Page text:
Display a message explaining that the source of a sound cannot be seen because I am visually obstructing it. By default, we show nothing at all; subclasses can override this to provide a better explanation when possible.

canOwn (obj)thing.t[5331]
Can I own the given object? By default, objects cannot own other objects. This can be overridden when ownership is desired.

This doesn't determine that we *do* own the given object, but only that we *can* own the given object.

canSee (obj)thing.t[6669]
Can I see/hear/smell the given object? By default, an object can "see" (or "hear", etc) another if there's a clear path in the corresponding basic sense to the other object. Note that actors override this, because they have a subjective view of the senses: an actor might see in a special infrared vision sense rather than (or in addition to) the normal 'sight' sense, for example.

canSmell (obj)thing.t[6671]
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canThrowViaPath (obj, dest, op)thing.t[6060]
determine if we can throw an object via this path

canTouch (obj)thing.t[5899]
Determine if I can touch the given object. By default, we can always touch our immediate container; otherwise, we can touch anything with a touch path that we can traverse.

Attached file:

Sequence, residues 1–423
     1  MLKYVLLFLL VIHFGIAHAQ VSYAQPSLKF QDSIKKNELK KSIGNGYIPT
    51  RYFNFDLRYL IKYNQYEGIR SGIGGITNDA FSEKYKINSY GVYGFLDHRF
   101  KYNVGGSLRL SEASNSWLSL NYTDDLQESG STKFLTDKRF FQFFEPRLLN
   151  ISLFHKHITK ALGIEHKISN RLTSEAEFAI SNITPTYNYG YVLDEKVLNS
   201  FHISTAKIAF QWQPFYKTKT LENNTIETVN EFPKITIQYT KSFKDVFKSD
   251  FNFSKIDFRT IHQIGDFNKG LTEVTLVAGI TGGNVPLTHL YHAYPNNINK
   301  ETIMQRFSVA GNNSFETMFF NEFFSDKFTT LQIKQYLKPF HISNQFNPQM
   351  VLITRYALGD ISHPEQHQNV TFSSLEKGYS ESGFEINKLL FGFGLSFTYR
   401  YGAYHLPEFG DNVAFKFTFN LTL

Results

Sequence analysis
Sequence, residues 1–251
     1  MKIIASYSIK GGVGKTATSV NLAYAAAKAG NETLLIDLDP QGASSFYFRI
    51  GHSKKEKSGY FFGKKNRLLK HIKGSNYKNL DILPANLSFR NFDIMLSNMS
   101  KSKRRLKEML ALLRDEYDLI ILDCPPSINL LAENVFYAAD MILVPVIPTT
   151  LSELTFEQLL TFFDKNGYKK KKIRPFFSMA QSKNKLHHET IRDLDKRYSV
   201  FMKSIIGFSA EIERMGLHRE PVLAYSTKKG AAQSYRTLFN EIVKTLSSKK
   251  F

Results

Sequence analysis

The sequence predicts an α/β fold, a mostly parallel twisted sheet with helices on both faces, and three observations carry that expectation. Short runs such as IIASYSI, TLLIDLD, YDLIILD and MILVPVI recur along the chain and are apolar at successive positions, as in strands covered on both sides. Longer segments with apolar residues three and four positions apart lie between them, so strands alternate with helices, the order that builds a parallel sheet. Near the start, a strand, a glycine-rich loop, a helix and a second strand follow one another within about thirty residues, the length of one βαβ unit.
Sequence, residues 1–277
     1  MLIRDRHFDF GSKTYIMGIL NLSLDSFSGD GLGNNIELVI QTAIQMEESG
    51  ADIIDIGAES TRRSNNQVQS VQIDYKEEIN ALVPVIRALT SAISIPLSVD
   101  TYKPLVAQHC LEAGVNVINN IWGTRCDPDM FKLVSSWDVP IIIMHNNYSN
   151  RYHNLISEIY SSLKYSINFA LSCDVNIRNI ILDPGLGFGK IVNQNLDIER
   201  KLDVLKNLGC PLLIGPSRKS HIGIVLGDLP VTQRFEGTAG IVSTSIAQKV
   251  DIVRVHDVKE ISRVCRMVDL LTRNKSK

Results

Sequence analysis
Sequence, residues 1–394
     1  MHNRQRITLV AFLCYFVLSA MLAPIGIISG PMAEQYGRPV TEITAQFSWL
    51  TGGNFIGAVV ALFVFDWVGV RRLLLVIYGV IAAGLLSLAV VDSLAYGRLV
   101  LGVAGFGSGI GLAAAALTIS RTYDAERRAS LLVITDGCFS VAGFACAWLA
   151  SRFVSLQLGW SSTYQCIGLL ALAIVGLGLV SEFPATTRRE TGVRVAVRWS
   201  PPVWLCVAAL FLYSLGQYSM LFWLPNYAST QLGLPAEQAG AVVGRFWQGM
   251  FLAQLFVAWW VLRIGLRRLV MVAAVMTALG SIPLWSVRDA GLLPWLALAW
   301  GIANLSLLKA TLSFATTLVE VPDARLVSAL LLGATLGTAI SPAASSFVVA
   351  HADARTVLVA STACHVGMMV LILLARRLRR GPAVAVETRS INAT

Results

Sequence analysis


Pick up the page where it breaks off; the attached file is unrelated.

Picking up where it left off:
canTouchViaPath (obj, dest, op)thing.t[6064]
determine if we can reach out and touch an object via this path

checkActorOutOfNested (allowImplicit)thing.t[3604]
Check, using pre-condition rules, that the actor is removed from this nested location and moved to its exit destination.

This is called when the actor is attempting to move to an object outside of this object while the actor is within this object (for example, if we have a platform containing a box containing a chair, 'self' is the box, and the actor is in the chair, an attempt to move to the platform will trigger a call to box.checkActorOutOfNested).

By default, we're not a nested location, but we could *contain* nested locations. So what we need to do is defer to the child object that actually contains the actor, to let it figure out what it means to move the actor out of itself.

checkBulkChange ( )thing.t[4175]
Check a proposed change in my bulk. When this is called, the new bulk should already be in effect (the best way to do this when just making a check is via whatIf).